Mr. Herbst runs an official-sounding company called the Council for Community Preservation, Inc., that he said has helped hundreds of people restructure loans on their homes and other property and avoid foreclosure. “Not just Jewish people,” Mr. Herbst said. “But everyone, Hispanic, black people, white people. Everyone.”

For a man who spends the bulk of his time sticking up for the little man though, he seems conspicuously deft at bobbing and weaving his way through fraud allegations. Mr. Herbst, whose background is in the rabbinical courts, taught himself about the secular court system by studying textbooks in the Brooklyn Law Library. Even Mr. Herbst’s opponents concede that he has a unique talent.

“He’s like an idiot savant of court procedure,” Mr. Cahill said, echoing the sentiments of several people familiar with Mr. Herbst.

While Mayer Goldberger went to jail for forging documents so that he could draw mortgages over and over on the same property in Long Island, an easily prosecutable offense, Mr. Herbst has been more subtle—even disciplined.

In several situations, the facts have been open enough to interpretation as to leave the burden of proof at least marginally in his favor.

“In the Mancini case, the issue was did [Mr. Mancini] sell it or didn’t he,” Mr. Farrell, the assistant Brooklyn DA said, explaining why he hasn’t gone after Mr. Herbst. “Mr. Mancini can’t tell us he didn’t.”

The whole situation infuriates Roy Martin. “How many people have to get ripped off before something is done about this guy?” he said.

Mr. Martin has had success beating Mr. Herbst in their numerous outings by identifying and grasping onto incontrovertible facts. In the Kosher Butcher Case, for instance, Mr. Martin focused on the way Mr. Herbst had clearly forged documents, allowing him to swipe the family’s $1.8 million. Mr. Herbst offered up endless explanations for how the money ended up with him, but in the end, he couldn’t explain the documents themselves.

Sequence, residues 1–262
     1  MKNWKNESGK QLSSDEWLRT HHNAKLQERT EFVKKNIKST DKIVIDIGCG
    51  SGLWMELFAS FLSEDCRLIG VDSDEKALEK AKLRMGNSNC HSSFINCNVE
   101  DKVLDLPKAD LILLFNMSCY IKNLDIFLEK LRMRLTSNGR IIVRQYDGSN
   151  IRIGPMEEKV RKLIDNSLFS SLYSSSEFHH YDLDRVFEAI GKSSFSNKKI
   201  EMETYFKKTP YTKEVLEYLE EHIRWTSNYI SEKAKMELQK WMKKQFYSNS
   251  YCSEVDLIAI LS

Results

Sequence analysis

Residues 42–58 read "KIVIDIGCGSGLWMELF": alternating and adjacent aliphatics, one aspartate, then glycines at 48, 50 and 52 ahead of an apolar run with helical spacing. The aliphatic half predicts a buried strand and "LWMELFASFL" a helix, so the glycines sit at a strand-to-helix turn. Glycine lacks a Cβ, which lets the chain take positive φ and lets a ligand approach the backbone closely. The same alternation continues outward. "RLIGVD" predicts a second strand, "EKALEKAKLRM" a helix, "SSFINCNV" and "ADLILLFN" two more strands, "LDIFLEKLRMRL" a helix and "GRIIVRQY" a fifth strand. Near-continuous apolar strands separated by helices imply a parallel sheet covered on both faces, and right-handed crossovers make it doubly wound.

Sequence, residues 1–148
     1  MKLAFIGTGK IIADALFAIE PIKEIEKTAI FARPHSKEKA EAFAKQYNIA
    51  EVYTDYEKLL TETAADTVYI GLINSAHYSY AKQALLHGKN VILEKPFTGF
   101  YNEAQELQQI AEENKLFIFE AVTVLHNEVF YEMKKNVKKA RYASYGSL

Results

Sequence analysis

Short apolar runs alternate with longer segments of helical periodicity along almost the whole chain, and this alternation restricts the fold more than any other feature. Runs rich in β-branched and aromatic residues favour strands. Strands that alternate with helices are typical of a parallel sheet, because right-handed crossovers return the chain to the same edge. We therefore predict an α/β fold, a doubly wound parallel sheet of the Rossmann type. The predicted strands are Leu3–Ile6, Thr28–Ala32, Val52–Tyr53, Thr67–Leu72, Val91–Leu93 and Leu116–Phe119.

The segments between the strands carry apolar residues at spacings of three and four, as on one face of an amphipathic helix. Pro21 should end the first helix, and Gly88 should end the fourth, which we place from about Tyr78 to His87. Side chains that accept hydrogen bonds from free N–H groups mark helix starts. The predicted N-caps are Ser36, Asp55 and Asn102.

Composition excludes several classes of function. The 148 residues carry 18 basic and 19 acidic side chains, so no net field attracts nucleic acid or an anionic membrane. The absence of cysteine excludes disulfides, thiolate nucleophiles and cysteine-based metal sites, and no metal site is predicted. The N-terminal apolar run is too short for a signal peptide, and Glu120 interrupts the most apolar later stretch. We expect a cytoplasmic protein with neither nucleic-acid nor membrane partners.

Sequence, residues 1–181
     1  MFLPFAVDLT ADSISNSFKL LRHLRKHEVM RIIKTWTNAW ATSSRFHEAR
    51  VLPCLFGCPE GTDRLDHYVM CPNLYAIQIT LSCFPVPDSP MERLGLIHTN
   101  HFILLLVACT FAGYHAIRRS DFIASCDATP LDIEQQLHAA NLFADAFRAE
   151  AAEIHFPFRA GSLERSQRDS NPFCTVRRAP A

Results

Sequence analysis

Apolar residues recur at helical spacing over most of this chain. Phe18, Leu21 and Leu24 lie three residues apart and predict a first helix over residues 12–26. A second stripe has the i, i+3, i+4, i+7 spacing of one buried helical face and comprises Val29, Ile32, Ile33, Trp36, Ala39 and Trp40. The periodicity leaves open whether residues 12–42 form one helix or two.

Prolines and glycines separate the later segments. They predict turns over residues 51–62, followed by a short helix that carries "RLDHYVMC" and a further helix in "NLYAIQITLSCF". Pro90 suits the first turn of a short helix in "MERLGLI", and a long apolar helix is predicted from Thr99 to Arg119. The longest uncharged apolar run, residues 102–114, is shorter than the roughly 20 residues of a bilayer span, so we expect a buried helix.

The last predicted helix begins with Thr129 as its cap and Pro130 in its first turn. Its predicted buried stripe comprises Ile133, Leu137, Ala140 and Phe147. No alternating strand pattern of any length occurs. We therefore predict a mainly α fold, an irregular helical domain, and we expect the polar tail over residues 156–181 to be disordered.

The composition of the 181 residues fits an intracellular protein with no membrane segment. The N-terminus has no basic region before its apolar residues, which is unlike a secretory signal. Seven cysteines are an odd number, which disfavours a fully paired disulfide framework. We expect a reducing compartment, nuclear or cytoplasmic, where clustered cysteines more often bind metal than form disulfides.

Mr. Martin has spent so much time battling with Mr. Herbst, he says he has witnessed fleeting moments when the man momentarily acknowledges of his own culpability.

It happened during the Mancini case. After months of wrangling in court, Mr. Cahill had managed to get the deed back in the hands of Mrs. Mancini and the bogus mortgage that Mr. Herbst had placed on the property removed. From there, Mr. Martin took over and won a restraining order that forced Mr. Herbst to cut down the beams.

Steelworkers did the work one afternoon in 2008 as Mr. Martin and Mr. Cahill watched from the sidewalk. Mr. Herbst came out of his house and looked on as well. The three men eventually sat together on Mr. Herbst’s front steps. Though they were adversaries, for a moment, there was a sense of collegiality.

Mr. Herbst gestured at the surrounding neighborhood, where many of the homes appear to fall on the far side of what is probably permitted by code.

“Are you kidding?” he said. “No Jew-boy in Borough Park ever builds legal.”

Mr. Martin went on to win a $569,000 judgment against Mr. Herbst and his family earlier this year, almost seven years after the whole mess began. The Mancini home, or what’s left of it, was recently sold by Mrs. Mancini for $730,000 to a company called MLSMNDR LLC. Mr. Martin wouldn’t disclose the buyer behind the corporation.

“They don’t want to be known,” Mr. Martin said. “If Mr. Herbst was your neighbor, would you?”

Dirty Deeds: In Borough Park, the Case of the Nudnik Neighbor